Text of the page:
What More Can I Sayayeee…?

DJ Danger Mouse‘s Grey Album, which pits the vocals from rapper Jay-Z’s Black Album against sampled loops from The Beatles White Album, is all the talk of the town these days, with hundreds of bloggers yesterday hosting illegal copies of the album on their websites for free download, in protest of EMI’s recent clampdown on the recording.

Frankly, I’ve never been much of a fan of Jay-Z’s—I’ve never been able to get over the commercialism of his music long enough to listen to his lyrics, and those that I have heard seem to encourage negative behaviors that, if anything are holding Black people back, as opposed to helping them move forward. The Grey Album has, of course, changed that for me, somewhat, as I’m simply enamored with the production, and so I’ve had the album in heavy rotation for a number of weeks now. But while The Grey Album has certainly given me a greater appreciation of Jay-Z’s lyrical ability (if not his content), I recently picked up on a lyric that, mmm, well, rubbed me the wrong way:

In the third verse of “What More Can I Say,” the second track on the album, J-Hova (as he calls himself) makes what appears to be a statement about his inability to succeed in the entertainment industry because he is not a white Jew:

Now you know your ass is Willie / When they got you in the bag / For like half a billi / And your ass ain’t lilly / White / That mean that shit you write must be illy / Either that or your flow is silly / It’s both / I don’t mean to boast / But damn if I don’t brag / Them crackers gonna act like I ain’t on they ass / The Martha Stewart / That’s far from Jewish / Far from a Harvard student / Just had the balls to do it / And no I’m not through with it / …

Of course, I find this entirely peculiar considering that Marc Schneier and Russell Simmon’s Foundation For Ethnic Understanding recently awarded Jay-Z and Barry Weiss, president of Jive records, the Joseph Papp Racial Harmony Award for their efforts in “promoting racial harmony through music.” I didn’t know calling white people ‘crackers’ and suggesting that not being Jewish in the entertainment industry is a disadvantage, could be construed as promoting racial harmony. If Keith Van Horn said he couldn’t get ahead in basketball because he wasn’t “a nigger”, would they have given him an award too?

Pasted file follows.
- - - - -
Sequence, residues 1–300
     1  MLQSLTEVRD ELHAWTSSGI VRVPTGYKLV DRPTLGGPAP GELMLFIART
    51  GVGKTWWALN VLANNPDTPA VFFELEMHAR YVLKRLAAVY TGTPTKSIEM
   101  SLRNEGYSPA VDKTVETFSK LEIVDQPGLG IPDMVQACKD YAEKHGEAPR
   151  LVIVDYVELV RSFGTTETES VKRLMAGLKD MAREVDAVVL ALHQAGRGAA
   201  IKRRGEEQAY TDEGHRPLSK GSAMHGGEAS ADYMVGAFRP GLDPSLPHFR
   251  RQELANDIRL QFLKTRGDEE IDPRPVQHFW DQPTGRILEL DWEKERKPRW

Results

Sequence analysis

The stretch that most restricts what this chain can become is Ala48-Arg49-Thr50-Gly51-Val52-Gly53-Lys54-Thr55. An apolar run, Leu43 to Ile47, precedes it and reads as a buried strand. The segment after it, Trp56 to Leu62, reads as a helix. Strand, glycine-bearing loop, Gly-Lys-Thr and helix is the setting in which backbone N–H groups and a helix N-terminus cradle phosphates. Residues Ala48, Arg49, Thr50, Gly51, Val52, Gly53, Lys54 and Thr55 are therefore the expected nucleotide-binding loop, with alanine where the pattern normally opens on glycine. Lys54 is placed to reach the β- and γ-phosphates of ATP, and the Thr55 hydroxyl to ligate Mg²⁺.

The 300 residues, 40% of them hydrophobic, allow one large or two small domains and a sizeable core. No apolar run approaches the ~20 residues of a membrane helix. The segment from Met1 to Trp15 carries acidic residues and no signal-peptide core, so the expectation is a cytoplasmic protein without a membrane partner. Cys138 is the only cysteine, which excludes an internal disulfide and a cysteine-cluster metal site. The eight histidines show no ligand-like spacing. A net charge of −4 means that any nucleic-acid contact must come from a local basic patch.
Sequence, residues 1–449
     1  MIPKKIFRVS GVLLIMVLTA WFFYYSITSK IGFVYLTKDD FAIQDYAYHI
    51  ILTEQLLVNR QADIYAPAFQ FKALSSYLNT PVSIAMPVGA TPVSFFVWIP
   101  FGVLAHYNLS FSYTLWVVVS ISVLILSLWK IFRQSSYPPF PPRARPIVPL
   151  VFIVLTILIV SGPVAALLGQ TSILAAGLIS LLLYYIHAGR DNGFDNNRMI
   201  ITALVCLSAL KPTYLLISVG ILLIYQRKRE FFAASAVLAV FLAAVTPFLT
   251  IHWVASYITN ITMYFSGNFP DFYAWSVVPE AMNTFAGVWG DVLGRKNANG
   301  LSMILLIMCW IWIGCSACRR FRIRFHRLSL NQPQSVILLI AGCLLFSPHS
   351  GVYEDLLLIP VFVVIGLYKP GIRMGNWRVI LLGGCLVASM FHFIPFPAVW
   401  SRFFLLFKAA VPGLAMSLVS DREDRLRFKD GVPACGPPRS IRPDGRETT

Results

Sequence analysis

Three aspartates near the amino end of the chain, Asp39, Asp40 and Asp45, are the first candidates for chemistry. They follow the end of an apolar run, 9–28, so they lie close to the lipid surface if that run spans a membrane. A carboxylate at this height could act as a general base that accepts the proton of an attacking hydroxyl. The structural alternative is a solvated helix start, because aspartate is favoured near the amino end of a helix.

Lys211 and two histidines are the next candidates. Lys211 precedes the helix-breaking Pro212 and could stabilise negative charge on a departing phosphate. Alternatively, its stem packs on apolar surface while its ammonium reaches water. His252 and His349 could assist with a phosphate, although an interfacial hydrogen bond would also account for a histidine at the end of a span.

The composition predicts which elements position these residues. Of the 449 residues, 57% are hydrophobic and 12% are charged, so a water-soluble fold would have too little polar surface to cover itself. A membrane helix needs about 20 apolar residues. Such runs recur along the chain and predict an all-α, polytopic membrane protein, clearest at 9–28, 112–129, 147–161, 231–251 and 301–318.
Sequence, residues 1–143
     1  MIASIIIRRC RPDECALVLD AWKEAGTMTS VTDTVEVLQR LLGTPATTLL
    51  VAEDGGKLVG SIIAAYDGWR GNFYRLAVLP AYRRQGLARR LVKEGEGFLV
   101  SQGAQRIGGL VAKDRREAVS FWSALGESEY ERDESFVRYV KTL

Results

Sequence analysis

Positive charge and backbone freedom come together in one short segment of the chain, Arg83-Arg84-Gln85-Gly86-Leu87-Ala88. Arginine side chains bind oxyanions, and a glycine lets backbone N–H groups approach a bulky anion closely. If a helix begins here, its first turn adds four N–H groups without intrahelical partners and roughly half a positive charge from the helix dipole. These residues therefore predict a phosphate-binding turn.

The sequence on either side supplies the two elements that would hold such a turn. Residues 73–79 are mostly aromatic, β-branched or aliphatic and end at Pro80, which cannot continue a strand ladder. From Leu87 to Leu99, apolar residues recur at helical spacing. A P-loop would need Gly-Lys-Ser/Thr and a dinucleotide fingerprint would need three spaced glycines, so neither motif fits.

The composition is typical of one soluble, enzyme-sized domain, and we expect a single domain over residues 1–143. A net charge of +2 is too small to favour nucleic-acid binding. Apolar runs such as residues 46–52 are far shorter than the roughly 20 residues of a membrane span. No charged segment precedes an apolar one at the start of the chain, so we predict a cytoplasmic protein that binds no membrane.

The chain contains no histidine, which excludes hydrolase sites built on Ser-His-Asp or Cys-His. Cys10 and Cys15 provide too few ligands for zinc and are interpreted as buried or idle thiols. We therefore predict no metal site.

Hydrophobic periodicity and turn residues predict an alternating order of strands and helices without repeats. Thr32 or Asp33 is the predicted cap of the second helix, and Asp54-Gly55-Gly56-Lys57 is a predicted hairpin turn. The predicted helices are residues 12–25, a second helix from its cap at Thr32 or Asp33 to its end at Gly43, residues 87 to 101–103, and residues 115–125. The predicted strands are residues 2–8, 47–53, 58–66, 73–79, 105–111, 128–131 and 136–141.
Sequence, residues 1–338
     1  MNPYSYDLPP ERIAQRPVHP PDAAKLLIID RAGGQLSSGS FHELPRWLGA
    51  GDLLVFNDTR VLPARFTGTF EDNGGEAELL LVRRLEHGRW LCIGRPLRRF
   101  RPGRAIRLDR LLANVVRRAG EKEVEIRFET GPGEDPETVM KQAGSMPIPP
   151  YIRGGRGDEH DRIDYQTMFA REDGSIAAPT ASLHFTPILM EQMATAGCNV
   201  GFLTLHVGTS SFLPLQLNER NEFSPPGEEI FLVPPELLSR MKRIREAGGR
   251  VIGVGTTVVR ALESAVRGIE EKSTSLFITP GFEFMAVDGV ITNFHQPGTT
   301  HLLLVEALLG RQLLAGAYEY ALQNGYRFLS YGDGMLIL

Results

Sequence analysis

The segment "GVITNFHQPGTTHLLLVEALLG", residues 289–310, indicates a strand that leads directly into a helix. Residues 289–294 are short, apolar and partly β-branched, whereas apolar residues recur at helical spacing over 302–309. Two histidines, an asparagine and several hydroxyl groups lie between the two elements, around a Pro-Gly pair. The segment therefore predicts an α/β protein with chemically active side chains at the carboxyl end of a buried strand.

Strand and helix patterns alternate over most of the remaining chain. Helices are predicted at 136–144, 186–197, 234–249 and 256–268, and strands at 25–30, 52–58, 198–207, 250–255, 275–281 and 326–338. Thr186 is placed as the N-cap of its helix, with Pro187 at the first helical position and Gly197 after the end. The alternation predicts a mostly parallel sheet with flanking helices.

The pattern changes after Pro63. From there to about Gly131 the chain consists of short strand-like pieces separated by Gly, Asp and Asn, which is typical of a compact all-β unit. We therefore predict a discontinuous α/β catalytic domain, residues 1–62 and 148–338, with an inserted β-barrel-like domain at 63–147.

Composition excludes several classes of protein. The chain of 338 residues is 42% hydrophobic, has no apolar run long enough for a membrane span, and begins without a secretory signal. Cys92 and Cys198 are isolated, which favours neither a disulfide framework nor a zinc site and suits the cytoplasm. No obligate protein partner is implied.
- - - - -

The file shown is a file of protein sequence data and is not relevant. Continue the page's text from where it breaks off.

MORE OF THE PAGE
Jay-Z wisely preempts any questions of this nature, however, with a line in the track “99 Problems,” where he addresses his critics saying simply, “If you don’t like my lyrics you can press fast forward.”

Just some food for thought. I’m gonna go back to bumping this album now.

See my related piece on Russell Simmon’s fraudulent relations with the Jewish people.

9 thoughts on “What More Can I Sayayeee…?

  1. Yeah, I had a friend in Israel who stopped listening to Wu-Tang after Method Man’s track “PLO Style” came out.
    Ghostface, I believe, criticizes Meth’s use of this term, however, as evidenced by the track “Winter Warz”:
    “My repotoire is USSR / PLO style got blown out the car / And run over, by the Method Man jeep / Divine can’t define my style is so deep”

  2. “Swindler’s Lust” is NOT about Jews, Michelle. It’s about scoundrels in the record industry of all races, cultures, and creeds. Listen closely to the lyrics and you’ll see that.

  3. this is not Jay-Z’s first jewish line. check this out:
    in the song: this can’t be life in ALBUM: THE DYNASTY ROC LA FAMILIA
    he says:
    See I was — born in sewage, born to make bomb music
    Flow tight like I was born Jewish

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